CONSERVATION COVENANTS: A LOOK TO THE FUTURE
23 / 09 / 2021
Conservation covenants are private and voluntary agreements between landowners and responsible bodies to do or not to do something on their land for a conservation purpose. Conservation covenants allow landowners to make their own arrangements in the public interest and can be used to secure long-term protection of the natural environment and heritage assets.
The Law Commission examined whether there was a need to introduce conservation covenants in early 2012 and published its findings in June 2014. The Law Commission’s final report recommended that there should be a statutory regime which provides for a voluntary agreement to be made between a landowner and responsible body for a conservation purpose and for the public good.
The Government proposed to explore the potential role of conservation covenants in its 25 Year Environment Plan, which was later published in January 2018. In the Plan, the Government suggested that conservation covenants could be used as a way to enable landowners to create legally binding obligations and deliver lasting conservation benefits for future generations.
Most recently, conservation covenants appear in Part 7 of the Environment Bill (applicable only in England), which is currently in the reporting stage in the House of Lords. The Bill provides a more formal framework of measures and demonstrates how conservation covenants will be used to support the Government’s environmental ambitions.
Conservation covenants are not an entirely new idea, though they have not been widely used. The National Trust Act 1937 enables a landowner to agree restrictions to activities on their land with the National Trust. Similarly, the Forestry Act 1967 provides for the creation of a forestry dedication covenant, which allows a landowner to agree with the Forestry Commission that the land will only be used for the growing of timber and other forest products in accordance with the rules and practice of good forestry. However, both agreements can only be restrictive whereas conservation covenants can contain positive or negative obligations, suggesting that conservation covenants may have a wider application.
In a planning context, conservation covenants are similar to section 106 agreements and unilateral undertakings, which permit a local authority to secure restrictions on the use of land.
For conservation covenants to be valid, they must be (1) of qualifying land (meaning that they contain a positive or negative obligation), (2) for a conservation purpose, and (3) intended by the parties to be for the public good. For example, a landowner may covenant with the Royal Society for the Protection of Birds to permit public access on their land to preserve birdwatching.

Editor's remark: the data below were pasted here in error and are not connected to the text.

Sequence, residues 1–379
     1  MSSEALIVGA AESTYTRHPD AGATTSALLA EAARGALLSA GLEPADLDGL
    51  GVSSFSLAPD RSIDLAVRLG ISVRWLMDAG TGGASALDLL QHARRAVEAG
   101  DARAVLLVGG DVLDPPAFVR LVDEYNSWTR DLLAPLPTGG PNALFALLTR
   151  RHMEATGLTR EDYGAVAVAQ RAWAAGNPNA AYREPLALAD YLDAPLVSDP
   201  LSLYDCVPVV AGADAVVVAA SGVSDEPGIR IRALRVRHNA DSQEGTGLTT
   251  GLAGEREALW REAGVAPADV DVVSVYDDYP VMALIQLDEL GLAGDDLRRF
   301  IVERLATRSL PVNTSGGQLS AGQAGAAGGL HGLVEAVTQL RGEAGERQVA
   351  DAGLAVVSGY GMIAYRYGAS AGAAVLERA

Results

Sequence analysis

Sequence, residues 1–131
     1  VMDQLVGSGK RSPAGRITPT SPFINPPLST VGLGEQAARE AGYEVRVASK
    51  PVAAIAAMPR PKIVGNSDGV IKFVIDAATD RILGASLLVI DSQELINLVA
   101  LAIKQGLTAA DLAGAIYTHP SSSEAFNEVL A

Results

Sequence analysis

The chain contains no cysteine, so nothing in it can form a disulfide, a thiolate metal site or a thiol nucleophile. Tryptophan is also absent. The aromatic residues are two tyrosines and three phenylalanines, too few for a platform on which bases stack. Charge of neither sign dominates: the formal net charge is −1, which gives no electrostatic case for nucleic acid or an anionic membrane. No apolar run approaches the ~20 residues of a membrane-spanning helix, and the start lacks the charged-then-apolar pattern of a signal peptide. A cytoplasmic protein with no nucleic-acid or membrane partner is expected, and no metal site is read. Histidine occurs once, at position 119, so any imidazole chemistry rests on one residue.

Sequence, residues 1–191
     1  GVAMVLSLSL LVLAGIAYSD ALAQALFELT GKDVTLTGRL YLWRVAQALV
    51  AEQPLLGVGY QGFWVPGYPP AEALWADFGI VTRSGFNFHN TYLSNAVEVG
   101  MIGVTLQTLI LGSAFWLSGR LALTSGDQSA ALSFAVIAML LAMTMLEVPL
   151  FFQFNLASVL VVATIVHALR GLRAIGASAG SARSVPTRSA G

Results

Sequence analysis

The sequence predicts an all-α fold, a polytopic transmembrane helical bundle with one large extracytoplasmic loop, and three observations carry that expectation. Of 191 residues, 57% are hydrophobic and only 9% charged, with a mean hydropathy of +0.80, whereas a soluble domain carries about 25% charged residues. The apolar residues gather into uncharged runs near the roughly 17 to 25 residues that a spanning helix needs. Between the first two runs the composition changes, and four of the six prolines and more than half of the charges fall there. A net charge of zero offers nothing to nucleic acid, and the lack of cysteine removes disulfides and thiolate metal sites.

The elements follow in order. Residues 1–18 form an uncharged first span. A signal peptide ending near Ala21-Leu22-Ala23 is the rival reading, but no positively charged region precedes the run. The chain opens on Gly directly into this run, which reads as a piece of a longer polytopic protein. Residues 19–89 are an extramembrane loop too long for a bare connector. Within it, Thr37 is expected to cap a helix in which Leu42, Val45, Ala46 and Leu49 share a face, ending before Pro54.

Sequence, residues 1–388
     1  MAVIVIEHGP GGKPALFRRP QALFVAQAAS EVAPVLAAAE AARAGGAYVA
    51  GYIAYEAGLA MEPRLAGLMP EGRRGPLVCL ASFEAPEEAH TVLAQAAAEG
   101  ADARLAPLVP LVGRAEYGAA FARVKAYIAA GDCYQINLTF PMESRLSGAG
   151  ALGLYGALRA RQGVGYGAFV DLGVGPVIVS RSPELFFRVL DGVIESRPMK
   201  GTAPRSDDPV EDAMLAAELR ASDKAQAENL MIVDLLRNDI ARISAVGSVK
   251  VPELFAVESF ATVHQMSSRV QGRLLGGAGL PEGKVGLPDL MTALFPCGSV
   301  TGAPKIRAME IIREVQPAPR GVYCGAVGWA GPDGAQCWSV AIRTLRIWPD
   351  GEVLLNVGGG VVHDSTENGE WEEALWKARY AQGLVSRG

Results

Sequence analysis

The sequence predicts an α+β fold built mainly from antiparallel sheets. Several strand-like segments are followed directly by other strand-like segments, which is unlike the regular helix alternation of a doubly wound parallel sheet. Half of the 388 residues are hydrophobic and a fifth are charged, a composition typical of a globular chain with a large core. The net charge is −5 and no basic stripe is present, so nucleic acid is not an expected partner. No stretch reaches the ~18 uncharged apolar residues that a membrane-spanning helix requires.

The term of ‘responsible body’ has a wide definition. The Secretary of State itself is a responsible body, and the Secretary of State will determine the criteria to be used when deciding whether an organisation is suitable to be a ‘responsible body’. A local authority can apply to be designated a ‘responsible body’, and a non-local authority can apply if some (or all) of its main purposes or functions relate to conservation – for example, public bodies or charities.
Duration, enforcement and discharge
Unless specified otherwise, the default position is that conservation covenants will last indefinitely where the relevant qualifying estate is freehold, or for the remainder of the term where the estate is leasehold. Responsible bodies can enforce conservation covenants against landowners, and anyone who holds a qualifying estate can enforce against responsible bodies. The limitation period following any breach of a conservation covenant is six years.
A conservation covenant will bind the landowner who created it, and any successor of the original covenantor. However, conservation covenants will not bind anyone whose interest in the land predates the covenant, anyone who is a lessee or sub-lessee under a lease granted for seven years or less (for positive obligations only), anyone who acquires an estate in land in circumstances where the conservation covenant has not been registered as a local land charge, or anyone whose immediate predecessor was not bound by the covenant.
A landowner and responsible body can agree in writing to modify or discharge one or more obligations in a conservation covenant, and the covenant will be discharged completely when the landowner’s land is released from all obligations.
Looking ahead, conservation covenants will have a broad range of uses: for example, landowners can negotiate sales subject to certain obligations to preserve a conservation area, or they can agree to prohibit activities on their land which would damage a heritage asset. Conservation covenants might also interest charities or CIOs disposing of interests in land.
- Following a Law Commission consultation, a statutory scheme of conservation covenants is proposed in the Environment Bill.
- Under the proposed scheme, conservation covenants are agreements between landowners and responsible bodies to do or not to do something on land for a conservation purpose.
- Conservation covenants will have a wide application and can be used to help the Government to achieve the goals set out in its 25 Year Environment Plan.